Design of MAC protocols supporting multimedia traffic QoS (Quality of Service) is challenging. In the paper “A scalable MAC protocol supporting simple multimedia traffic QoS in WSNs,” J. On et al. propose a scalable MAC protocol that guarantees multimedia traffic, still images, and scalar sensor data QoS in multihop WSNs. The proposed MAC protocol outperforms the IEEE 802.11e EDCF and the IEEE 802.15.4 MAC protocol in terms of the end-to-end delay and stable transmission of multimedia streaming data.
The paper “Quadratic programming for TDMA scheduling in wireless sensor networks” is concerned with developing a novel protocol to achieve energy-efficient and reliable multihop data transfer in WSNs satisfying given latency requirements. The authors present a novel multihop aperiodic scheduling (MAS) algorithm that guarantees energy-efficient data collection by WSNs under delay constraints.
In the paper “Link prediction and route selection based on channel state detection in UASNs,” J. Chen et al. propose a model to predict link interruption and route interruption in UASNs by the historical link information and channel state obtained by periodic detection. A method of decomposing and recomposing routes hop by hop in order to optimize route reselection is also presented. Moreover, the authors present a back-up route maintenance scheme to keep back-up routes with fresh information.
The paper “SEF: a secure, efficient, and flexible range query scheme in two-tiered sensor networks” considers large-scale WSNs following the two-tiered architecture. The authors present a novel scheme called SEF for secure range queries. To preserve privacy, SEF employs the order preserving symmetric encryption which not only supports efficient range queries but also maintains a strong security standard. To preserve authenticity and integrity of query results, the authors propose a novel data structure called Authenticity & Integrity tree.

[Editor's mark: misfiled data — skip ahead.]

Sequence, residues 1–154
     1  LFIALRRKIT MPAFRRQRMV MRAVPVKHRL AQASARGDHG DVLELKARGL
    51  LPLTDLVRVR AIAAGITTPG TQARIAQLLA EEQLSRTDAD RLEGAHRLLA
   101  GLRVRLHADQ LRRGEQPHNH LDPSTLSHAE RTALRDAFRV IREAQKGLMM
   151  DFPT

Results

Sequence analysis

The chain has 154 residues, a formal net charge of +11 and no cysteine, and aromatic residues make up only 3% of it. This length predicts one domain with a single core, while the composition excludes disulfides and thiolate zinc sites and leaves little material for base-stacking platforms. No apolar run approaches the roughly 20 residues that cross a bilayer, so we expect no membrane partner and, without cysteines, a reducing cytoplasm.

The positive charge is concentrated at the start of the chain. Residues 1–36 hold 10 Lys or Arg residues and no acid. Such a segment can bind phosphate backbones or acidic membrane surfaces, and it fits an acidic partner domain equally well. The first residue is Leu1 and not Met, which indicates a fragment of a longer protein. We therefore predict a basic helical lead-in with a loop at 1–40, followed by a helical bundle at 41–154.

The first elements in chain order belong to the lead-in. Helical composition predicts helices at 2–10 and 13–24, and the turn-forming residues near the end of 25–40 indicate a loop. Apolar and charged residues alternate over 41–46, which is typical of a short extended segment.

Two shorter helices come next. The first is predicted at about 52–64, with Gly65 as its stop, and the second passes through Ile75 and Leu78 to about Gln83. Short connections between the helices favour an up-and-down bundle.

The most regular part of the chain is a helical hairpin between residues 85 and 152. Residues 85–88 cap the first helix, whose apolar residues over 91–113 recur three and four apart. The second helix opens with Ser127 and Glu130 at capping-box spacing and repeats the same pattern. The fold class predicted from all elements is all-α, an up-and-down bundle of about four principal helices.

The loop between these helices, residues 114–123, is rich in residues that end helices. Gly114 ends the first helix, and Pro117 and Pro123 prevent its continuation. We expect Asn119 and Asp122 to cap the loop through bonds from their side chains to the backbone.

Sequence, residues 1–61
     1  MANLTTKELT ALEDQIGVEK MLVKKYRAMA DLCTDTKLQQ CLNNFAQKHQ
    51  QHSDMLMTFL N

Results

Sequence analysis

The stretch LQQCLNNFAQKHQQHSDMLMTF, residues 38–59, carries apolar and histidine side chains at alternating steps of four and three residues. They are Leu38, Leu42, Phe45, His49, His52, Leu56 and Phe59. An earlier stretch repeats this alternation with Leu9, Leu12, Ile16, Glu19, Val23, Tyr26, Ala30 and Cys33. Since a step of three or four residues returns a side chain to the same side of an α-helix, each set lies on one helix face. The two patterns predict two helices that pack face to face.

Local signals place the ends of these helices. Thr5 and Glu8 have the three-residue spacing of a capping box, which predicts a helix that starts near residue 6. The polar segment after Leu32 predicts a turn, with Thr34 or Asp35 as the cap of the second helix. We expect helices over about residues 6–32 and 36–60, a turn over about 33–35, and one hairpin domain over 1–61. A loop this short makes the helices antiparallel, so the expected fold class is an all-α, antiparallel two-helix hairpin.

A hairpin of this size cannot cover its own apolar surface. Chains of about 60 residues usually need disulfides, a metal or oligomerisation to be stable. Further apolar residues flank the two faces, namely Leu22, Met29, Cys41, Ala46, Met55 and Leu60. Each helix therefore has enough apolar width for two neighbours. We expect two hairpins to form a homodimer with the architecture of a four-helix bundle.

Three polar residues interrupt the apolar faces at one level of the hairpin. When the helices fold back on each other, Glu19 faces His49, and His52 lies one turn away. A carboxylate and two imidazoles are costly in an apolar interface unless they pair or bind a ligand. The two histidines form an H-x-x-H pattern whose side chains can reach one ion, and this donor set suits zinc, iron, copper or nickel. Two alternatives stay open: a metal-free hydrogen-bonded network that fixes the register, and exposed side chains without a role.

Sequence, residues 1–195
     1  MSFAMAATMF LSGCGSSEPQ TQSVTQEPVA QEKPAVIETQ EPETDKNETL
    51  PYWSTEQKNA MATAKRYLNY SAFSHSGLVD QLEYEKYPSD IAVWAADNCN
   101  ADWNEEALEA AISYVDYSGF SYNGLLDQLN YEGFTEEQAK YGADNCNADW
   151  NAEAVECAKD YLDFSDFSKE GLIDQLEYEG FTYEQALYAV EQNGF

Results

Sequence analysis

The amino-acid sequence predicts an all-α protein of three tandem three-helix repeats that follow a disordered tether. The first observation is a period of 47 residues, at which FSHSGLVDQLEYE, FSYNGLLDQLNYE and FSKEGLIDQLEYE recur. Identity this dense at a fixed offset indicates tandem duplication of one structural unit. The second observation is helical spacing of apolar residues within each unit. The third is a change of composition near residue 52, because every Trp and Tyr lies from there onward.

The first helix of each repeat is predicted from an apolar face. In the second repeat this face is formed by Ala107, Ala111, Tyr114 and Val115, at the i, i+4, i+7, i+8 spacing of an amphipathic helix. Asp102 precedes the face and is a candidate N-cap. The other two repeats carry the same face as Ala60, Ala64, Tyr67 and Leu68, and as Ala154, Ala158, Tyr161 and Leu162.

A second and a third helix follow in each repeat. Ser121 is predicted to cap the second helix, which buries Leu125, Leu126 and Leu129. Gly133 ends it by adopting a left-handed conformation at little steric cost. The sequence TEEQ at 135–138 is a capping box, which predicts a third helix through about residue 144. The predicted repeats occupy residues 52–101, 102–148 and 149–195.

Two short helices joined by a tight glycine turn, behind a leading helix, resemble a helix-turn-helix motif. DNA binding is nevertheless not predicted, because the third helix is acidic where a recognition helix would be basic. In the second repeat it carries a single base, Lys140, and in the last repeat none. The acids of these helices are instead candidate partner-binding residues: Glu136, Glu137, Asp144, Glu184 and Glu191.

In the context of a body area network (BAN), the confidentiality and integrity of the sensitive health information is particularly important. In the paper “A biometric key establishment protocol for body area networks,” L. Yao et al. present an electrocardiogram- (ECG-) signal-based key establishment protocol to secure the communication between every sensor and the control unit before the physiological data is transferred to external networks for remote analysis or diagnosis.